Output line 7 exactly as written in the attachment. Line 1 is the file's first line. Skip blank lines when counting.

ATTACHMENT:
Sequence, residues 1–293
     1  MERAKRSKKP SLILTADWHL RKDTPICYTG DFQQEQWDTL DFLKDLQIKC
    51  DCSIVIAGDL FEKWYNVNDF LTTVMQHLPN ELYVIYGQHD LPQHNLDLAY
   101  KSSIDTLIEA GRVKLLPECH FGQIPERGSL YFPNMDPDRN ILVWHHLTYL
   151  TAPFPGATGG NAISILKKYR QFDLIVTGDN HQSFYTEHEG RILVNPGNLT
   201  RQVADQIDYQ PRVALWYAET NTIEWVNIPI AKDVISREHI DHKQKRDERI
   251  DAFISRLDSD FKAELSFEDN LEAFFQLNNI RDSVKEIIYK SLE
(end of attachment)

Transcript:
   251  DAFISRLDSD FKAELSFEDN LEAFFQLNNI RDSVKEIIYK SLE